Monday, February 14, 2011

Mid-Century Modern Playground!

When I was a kid, I used to go to Piedmont Park often with my Dad and my sister. We would ride bikes or roller skate, and play on the super awesome modern art playground. I went back to see the playground about six years ago, and it was in sad shape. It was a mess, and a lot of the equipment was roped off and not in playing condition. *BUT* this weekend we went back with our daughter and it is all shiny and new! And still the most amazing looking playground I've ever seen. It was designed by a Japanese-American scupltor named Isamu Noguchi (!!!). It was originally built in 1976, then refurbished in 1996 and 2009. There have been a lot of things that I'm not super proud of in terms of Atlanta's infrastructure, planning and restoration projects, but this playground makes me glad to be a Georgia peach. There's a fantastic article about the playscape here at, which is a fantastic art website in general. Here are some of my own photos of the playscape. Some contain my little monkey child and my handsome husband. Some don't... Taking pictures of a playground without feeling like a creeper is not easy. Trust me.
The twirly tower thing is the coolest slide ever. You wind up the staircase on the inside, then slide down the outside. It's all very metal/concrete modern, but awesome. The block formations are in a few areas of the playscape. They are so cool!
Another view of the tower. And my family. :)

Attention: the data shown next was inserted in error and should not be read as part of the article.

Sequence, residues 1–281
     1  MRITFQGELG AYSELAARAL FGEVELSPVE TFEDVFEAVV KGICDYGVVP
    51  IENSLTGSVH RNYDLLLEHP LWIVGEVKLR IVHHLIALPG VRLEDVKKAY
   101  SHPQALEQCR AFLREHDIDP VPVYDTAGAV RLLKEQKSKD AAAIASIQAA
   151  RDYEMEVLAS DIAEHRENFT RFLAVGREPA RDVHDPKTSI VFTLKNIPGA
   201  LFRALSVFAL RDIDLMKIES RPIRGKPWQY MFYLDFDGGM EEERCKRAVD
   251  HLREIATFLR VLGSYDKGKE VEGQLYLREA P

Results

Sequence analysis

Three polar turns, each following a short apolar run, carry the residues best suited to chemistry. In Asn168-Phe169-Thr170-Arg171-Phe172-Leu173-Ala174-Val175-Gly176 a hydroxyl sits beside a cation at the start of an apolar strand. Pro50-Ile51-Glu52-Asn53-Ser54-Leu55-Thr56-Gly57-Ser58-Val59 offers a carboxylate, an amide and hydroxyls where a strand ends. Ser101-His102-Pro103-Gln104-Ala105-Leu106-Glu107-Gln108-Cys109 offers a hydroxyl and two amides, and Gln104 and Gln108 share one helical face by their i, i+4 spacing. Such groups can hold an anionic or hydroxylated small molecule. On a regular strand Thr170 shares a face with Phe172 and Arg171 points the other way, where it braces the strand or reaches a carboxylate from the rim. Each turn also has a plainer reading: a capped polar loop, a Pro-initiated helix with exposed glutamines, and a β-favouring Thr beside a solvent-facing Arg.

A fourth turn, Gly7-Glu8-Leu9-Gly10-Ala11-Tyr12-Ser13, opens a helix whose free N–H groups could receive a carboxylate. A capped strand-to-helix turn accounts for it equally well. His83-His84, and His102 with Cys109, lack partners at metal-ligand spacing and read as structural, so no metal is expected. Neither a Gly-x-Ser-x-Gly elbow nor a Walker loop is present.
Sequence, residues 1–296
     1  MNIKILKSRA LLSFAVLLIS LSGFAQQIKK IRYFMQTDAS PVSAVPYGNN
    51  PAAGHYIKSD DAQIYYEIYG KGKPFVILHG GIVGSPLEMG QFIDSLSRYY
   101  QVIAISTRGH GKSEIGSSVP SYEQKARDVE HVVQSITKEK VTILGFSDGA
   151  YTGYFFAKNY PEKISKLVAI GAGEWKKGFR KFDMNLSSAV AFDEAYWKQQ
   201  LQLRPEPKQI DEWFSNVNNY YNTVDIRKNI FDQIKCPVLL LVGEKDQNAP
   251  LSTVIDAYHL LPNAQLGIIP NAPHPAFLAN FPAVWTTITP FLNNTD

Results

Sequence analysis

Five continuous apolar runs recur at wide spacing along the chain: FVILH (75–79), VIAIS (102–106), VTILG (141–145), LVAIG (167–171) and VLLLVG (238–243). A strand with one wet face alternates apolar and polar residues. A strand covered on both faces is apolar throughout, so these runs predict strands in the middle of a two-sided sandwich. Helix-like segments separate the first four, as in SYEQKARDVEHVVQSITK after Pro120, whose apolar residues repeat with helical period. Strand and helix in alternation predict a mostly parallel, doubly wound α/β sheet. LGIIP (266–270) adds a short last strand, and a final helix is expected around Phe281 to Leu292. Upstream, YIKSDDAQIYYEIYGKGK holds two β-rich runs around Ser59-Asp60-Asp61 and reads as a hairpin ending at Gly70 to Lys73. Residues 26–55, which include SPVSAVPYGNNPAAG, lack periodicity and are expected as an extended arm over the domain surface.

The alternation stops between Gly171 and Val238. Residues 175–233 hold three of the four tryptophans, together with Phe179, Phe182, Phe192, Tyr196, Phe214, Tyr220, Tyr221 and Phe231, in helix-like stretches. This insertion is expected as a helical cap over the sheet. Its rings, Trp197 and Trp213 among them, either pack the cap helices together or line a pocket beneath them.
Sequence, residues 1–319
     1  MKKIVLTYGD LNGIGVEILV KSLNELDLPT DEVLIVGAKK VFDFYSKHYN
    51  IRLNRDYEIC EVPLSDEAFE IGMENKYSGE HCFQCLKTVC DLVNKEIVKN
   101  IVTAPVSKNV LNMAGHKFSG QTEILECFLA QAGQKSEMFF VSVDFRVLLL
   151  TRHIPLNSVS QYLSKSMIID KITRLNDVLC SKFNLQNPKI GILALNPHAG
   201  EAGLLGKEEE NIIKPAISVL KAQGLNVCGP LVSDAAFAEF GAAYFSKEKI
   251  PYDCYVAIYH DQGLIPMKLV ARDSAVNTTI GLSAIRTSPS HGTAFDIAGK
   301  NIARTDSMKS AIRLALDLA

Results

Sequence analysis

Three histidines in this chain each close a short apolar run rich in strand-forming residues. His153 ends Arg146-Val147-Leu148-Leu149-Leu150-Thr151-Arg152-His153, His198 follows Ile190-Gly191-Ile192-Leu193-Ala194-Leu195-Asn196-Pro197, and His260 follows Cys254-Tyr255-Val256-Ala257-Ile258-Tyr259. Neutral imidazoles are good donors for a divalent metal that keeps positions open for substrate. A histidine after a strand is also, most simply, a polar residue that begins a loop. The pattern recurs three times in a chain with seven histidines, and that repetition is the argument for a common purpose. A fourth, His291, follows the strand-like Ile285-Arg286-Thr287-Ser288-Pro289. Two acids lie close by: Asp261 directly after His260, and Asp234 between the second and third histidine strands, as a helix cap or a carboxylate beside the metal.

Towards the middle of the playscape is this cool mound. It's smooth, and while you think kids would be less than enthused by a round semi-circle, they all seem to love it. It's neat because it is near a large sandpit that is a similar size (and is also a circle) so it almost seems like you could just pick it up and plop it on top. Of course, I'm sure it's really about art and positive and negative space, but either way, it's lovely.
Here's the giant sandpit. My daughter loves sand. Especially getting it in every nook and cranny on her body.
There are also several of these geometric shaped monkey bars (or maybe just two...) but they are amazing looking. Kids love all of the holes in these pieces. Peekaboo possibilities are endless.
Check out this swingset!! Gorgeous. I love the color they chose.
My daughter loves this one. It has monkey bars across the top in the inside. Look at the pretty gray inside!
Here's Roxanne standing on the mound again. You can see the awesome swing set again. And some more of the playscape itself.
Another slide. This thing is incredible. Clean lines, fantastic materials, and it never gets congested with kids because it has the three slides. Roxanne can only do the middle (little) one for now, but someday she'll be on the big ones!
Tada! Lovely!


  1. That's great, so glad to read that it was restored and still used so many years later.

  2. Oooh what a beautiful playground!

  3. I think it's interesting that most people, myself included, think of tables and lamps when they think of Noguchi, but he considered himself a sculptor above all else, and that is what the official Noguchi website calls him. His gardens and playscapes and fountains were urban sculpture. We're lucky that both our cities have his installations. (Fort Worth has sculptures in a downtown plaza.)

  4. Oh, wow...I'm so glad you posted about this, because in looking for a picture of the downtown installation, I remembered that there was another Noguchi sculpture garden at one of the museums. I'd completely forgotten it was there!

  5. Thanks for stopping by everyone! I'm glad others appreciate this playscape. It really is amazing. What a great way to teach kids to appreciate art and form. And Dana, you are right about Noguchi. His abilities as a sculptor just make his furniture all the more breathtaking. I read in the article I linked to that he tried to get his playscape built in other cities but Atlanta's High Museum was the only institution to give him funding/permission to construct it. Lucky us, indeed! I'll have to check out the sculptures in Fort Worth.